A Darcy–Cahn–Hilliard model coupled with damage is developed to describe multiphase-flow and fluid-driven fracturing in porous media. The model is motivated by recent experimental observations in Hele–Shaw cells of the fluid-driven fracturing of a synthetic porous medium with tunable fracture resistance. The model is derived from continuum thermodynamics and employs several simplifying assumptions, such as linear poroelasticity and viscous-dominated flow. Two distinct phase fields are used to regularize the interface between an invading and a defending fluid, as well as the ensuing damage. The damage model is a cohesive version of a phase-field model for fracture, in which model parameters allow for control over both nucleation and crack growth. Simulations with finite elements are then performed to calibrate the model against recent experimental results. In particular, an experimentally-inferred phase diagram differentiating two flow regimes of porous invasion and fracturing is recovered. Finally, the model is employed to explore the parameter space beyond experimental capabilities, giving rise to the construction of an expanded phase diagram that suggests a new flow regime.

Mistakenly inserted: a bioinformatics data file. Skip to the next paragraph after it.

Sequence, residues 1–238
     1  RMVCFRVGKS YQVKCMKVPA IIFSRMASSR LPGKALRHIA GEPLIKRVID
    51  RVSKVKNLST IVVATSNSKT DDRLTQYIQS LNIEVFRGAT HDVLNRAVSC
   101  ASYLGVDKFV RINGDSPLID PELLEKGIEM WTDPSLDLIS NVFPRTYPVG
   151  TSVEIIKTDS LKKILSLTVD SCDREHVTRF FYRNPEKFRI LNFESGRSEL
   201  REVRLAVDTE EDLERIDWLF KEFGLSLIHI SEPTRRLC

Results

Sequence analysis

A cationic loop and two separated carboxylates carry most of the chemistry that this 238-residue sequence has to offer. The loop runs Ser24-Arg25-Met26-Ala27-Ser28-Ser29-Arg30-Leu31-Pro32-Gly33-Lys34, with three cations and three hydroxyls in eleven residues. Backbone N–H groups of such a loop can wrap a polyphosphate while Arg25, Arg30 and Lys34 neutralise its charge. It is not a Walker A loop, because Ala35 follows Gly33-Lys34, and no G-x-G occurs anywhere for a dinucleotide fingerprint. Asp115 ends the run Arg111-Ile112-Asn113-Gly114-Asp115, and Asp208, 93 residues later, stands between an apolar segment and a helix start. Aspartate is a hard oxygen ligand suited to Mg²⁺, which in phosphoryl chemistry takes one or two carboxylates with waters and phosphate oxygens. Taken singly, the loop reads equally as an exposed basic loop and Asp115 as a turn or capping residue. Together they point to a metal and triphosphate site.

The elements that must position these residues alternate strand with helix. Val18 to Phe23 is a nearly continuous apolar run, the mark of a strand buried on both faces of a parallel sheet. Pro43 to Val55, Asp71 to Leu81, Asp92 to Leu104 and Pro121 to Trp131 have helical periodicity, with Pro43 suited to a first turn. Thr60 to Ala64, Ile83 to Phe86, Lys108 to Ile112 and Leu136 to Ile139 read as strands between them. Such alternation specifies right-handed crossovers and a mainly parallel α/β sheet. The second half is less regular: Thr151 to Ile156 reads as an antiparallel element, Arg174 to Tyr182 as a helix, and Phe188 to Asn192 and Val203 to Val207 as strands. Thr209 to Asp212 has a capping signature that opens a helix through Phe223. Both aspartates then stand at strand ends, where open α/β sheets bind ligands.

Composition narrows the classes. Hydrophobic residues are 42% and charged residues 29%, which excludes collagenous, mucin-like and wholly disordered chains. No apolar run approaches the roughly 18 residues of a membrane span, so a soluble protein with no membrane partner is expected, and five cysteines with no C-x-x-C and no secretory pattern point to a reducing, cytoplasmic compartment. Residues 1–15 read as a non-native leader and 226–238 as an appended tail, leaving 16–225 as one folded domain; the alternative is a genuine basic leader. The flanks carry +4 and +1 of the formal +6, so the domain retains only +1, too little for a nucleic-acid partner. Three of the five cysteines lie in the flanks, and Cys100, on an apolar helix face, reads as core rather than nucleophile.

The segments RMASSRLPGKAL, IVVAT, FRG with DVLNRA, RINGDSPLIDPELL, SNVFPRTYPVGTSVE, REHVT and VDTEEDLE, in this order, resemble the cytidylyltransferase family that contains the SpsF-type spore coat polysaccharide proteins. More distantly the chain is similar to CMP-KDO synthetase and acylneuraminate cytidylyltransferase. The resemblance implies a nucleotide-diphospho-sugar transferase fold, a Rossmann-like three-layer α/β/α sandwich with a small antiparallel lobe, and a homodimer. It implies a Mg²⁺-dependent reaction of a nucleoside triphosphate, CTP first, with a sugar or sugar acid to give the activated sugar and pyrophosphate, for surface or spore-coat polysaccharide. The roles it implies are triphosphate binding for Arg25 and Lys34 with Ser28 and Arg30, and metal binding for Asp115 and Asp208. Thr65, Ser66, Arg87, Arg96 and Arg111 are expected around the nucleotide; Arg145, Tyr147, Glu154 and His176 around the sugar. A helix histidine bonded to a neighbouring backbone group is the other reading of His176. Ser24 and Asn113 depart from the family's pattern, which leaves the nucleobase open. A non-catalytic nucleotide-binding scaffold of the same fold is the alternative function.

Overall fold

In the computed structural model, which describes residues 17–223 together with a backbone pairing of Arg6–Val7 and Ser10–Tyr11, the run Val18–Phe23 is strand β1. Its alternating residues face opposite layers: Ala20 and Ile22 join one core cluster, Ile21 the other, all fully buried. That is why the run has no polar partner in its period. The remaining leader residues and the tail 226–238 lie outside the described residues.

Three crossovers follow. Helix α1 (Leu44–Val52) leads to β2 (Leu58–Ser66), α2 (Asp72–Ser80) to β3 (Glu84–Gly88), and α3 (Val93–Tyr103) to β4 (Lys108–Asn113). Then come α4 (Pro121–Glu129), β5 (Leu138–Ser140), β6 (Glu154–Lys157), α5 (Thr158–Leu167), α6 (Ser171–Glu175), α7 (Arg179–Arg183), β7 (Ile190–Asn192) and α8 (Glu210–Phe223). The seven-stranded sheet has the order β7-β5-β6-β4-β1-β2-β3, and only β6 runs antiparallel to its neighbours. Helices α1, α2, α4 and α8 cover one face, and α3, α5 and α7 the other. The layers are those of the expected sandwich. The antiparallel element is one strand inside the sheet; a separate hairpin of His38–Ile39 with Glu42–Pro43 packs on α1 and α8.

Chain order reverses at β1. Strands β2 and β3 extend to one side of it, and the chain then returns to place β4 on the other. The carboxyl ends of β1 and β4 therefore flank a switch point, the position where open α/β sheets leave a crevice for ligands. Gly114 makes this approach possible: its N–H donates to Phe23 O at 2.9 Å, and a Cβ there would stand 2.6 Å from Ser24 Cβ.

All Science Journal Classification (ASJC) codes
- Condensed Matter Physics
- Mechanics of Materials
- Mechanical Engineering